Ms. magazine  -- more than a magazine a movement

SIGN UP FOR MS. DIGEST, JOBS, NEWS AND ALERTS

FEMINIST WIRE NEWSBRIEFS

ABOUT
SEE CURRENT ISSUE
SHOP MS. STORE
MS. IN THE CLASSROOM
FEMINIST DAILY WIRE
FEMINIST RESOURCES
PRESS
JOBS AT MS.
READ BACK ISSUES
CONTACT
RSS (XML)
 
feminist wire | daily newsbriefs

June-05-03

Afghanistan: Threats Against Citizens for Political Views Rise

A recent rise in threats against Afghan citizens for expressing their views on the country's draft constitution is a cause for concern, according to the Afghan Independent Human Rights Commission (AIHRC) and the United Nations. "We have received reports of increasing threats, physical aggression and even arbitrary detentions," said Nader Naderi, an AIHRC commissioner, according to IRIN. A 35-member commission appointed by Afghan President Hamid Karzai in April, which included seven women, prepared its first draft of the constitution last month. The commission has established eight regional offices to educate citizens about the constitution and to solicit suggestions on the draft, according to IRIN.

The lack of security and funding for reconstruction in Afghanistan is contributing to threats and intimidation of citizens expressing their political views. President Karzai recently called for an additional $15 billion from donor countries for reconstruction funding, on top of the $5 billion committed so far. Of the $1.8 billion already spent on humanitarian and reconstruction projects, little of the funds have gone to the central government. The central government has not been able to pay police and civil servant salaries, and the $50-60 million needed for the 2004 elections has not been raised. The Louis Berger Group, the US firm coordinating the US part of the Kabul-Kandahar-Herat highway, announced that the $180 million pledged by the United States, Japan and Saudi Arabia is only enough money to rebuild part of the highway from Kabul to Kandahar.

Meanwhile, Lakhdar Brahimi, United Nations Special Representative to Afghanistan, has repeatedly asserted that lack of security in the country is of grave concern. "The Taliban have been routed; they have been expelled from the capital, but they have not been defeated, or at least they have not accepted their defeat," he told the New York Times. For Brahimi, the most important reconstruction project in Afghanistan is restoring security, and that has not yet happened, the Times reports. Currently, there are only about 5,000 international peacekeeping troops stationed in Afghanistan, and they are all in the capital city of Kabul.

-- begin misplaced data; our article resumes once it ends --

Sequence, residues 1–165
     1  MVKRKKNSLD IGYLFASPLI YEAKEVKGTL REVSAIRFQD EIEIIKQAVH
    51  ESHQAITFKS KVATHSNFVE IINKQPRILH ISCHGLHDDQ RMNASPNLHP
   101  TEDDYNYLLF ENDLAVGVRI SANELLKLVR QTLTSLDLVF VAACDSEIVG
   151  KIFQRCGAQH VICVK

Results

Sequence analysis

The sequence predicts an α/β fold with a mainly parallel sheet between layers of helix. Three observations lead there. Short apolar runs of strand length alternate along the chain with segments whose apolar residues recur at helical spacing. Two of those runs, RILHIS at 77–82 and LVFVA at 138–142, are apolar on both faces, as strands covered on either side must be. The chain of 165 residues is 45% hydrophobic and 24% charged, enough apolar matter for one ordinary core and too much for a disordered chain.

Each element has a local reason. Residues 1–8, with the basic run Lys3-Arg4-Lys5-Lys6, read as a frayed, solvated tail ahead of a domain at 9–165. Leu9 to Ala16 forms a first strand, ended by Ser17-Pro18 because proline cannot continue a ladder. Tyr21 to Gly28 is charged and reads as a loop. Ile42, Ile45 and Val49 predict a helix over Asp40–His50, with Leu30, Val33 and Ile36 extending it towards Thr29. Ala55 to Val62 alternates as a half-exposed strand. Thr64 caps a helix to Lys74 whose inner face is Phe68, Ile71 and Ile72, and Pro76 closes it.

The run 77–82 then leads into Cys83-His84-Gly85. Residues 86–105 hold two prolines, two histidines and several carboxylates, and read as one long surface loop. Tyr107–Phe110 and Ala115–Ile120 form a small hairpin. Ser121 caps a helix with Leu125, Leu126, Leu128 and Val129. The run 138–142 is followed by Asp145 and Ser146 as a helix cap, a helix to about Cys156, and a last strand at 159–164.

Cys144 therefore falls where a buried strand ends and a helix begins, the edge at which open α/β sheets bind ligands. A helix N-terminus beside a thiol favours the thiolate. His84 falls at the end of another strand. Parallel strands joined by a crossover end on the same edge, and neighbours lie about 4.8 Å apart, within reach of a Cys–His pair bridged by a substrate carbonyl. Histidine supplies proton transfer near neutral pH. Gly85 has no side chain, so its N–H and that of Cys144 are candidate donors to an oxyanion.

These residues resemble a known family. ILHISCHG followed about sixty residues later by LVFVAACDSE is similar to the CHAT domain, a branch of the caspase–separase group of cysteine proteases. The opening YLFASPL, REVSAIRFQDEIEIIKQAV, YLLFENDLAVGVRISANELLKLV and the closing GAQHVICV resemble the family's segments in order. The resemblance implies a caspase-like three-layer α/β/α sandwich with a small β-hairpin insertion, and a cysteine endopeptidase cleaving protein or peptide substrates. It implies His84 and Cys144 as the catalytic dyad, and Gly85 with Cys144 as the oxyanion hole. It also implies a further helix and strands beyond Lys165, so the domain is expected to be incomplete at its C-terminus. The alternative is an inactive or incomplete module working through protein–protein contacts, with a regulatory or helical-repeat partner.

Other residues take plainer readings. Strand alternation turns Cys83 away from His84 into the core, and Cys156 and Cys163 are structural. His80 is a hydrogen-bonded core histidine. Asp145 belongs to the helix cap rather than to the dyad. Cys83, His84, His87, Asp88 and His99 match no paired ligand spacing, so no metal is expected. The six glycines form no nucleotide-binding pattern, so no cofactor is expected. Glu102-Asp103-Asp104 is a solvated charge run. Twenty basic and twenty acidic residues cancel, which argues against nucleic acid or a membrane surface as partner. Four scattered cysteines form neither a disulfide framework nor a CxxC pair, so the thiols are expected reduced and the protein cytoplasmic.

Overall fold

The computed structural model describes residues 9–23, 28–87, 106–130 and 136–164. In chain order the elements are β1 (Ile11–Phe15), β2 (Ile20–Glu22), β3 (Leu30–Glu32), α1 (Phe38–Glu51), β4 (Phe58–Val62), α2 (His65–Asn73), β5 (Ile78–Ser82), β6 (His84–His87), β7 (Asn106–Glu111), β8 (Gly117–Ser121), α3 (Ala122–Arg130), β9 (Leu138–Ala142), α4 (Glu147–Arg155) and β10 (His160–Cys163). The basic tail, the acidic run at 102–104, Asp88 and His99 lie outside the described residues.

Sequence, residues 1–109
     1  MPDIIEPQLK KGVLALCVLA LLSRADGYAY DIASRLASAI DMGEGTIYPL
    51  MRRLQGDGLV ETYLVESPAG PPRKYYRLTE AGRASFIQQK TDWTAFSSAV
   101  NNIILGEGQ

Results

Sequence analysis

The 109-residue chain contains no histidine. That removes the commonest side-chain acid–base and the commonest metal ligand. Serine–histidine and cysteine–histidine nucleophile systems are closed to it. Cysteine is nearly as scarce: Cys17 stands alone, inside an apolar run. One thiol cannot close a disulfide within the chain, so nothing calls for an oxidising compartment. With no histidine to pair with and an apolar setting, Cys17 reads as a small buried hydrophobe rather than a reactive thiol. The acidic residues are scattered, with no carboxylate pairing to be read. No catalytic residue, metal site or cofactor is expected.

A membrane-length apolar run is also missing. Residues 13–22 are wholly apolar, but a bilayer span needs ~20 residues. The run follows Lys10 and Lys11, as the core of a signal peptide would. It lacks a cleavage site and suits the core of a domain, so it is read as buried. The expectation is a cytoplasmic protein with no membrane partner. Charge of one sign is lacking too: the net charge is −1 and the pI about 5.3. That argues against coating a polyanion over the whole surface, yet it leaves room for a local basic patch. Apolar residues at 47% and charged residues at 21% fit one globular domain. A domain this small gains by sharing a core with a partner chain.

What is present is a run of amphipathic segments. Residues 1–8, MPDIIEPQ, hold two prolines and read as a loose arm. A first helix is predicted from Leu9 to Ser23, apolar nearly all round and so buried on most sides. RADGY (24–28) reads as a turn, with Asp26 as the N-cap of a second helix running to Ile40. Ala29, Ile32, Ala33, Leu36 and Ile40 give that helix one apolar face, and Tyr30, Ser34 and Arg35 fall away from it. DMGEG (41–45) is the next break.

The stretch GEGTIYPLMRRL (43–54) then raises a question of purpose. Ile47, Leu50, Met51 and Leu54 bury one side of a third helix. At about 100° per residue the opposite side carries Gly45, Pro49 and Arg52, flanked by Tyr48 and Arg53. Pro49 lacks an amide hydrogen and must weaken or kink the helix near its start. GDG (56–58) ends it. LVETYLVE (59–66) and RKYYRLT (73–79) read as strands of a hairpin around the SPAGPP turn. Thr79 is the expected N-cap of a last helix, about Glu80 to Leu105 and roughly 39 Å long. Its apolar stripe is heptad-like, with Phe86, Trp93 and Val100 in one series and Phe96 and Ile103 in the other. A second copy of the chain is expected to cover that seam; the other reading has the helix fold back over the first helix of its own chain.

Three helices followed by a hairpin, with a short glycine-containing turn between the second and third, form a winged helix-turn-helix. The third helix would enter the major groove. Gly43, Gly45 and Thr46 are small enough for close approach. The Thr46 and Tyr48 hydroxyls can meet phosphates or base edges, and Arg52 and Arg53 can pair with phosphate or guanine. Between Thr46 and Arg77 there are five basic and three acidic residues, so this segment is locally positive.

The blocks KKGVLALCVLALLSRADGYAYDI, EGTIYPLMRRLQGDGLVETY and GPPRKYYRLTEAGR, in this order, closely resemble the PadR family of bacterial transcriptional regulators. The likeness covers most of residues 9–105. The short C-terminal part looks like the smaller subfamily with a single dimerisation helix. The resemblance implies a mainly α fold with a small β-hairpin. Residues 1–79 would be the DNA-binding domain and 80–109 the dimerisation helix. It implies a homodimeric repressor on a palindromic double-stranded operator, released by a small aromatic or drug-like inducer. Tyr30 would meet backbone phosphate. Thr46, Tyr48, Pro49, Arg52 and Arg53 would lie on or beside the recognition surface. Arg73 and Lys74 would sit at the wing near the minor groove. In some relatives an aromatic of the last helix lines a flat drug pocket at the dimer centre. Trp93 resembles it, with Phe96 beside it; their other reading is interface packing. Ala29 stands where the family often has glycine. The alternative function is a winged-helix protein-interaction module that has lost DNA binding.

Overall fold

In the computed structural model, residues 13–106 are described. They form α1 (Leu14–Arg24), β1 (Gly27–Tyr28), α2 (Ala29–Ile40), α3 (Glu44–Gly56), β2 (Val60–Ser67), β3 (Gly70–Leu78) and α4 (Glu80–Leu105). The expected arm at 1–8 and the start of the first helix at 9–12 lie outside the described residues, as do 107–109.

"Expansion of international peacekeeping troops is necessary to make sure voter registration and the electoral process themselves are fair and democratic, especially for women," said Eleanor Smeal, president of the Feminist Majority. "Last year, Congress passed the Afghan Freedom Support Act authorizing increased reconstruction financing and peace troop expansion. President Bush signed it into law. But where is the financing and where are the peace troops?" she wrote in a New York Times letter to the editor. "Women and girls are the first victims: warlords in some areas are placing Taliban-like restrictions on women, and more than a dozen girls' schools have suffered violent attacks by fundamentalists."

The Feminist Majority continues to lead the call for peace troop expansion, increased reconstruction funding, and for more resources to support the work of the Ministry of Women's Affairs and the Independent Human Rights Commission.

TAKE ACTION Urge Congress to Appropriate Funds for Peace Troops and Reconstruction in Afghanistan

Media Resources: IRIN 6/2/03; BBC 6/4/03; New York Times 6/1/03; Feminist Daily News Wire


© Feminist Majority Foundation, publisher of Ms. magazine

If you liked this story, consider making a tax-deductible donation to support Ms. magazine.

 

 

Send to a Friend
Their
Your
Comments
(optional)


More Feminist News

7/29/2014 Extensive Female Genital Mutilation Study To Be Conducted in the US - The Obama administration plans to conduct a large study on female genital mutilation (FGM) to try to assess how many girls and women in the US are at risk, and how many have already experienced, FGM. According to experts, FGM tends to take place during summer break when parents take their daughter outside of the country for the practice. Jaha Dukureh, a 24-year-old woman who grew up in Gambia, experienced FGM there, and then child marriage in the US, started a petition that gained more than 220,000 supporters. . . .
 
7/29/2014 Three Anti-Abortion Extremists Sentenced In Mississippi - Last night, three of four anti-abortion extremists were found guilty by a Jackson, Miss. . . .
 
7/29/2014 Women Just Won Big In Mississippi - Feminist Majority Foundation leaders are elated by the Fifth Circuit Court of Appeals decision upholding a preliminary injunction against a Mississippi TRAP (Targeted Regulation of Abortion Provider) law that would have closed the only abortion clinic in the state. . . .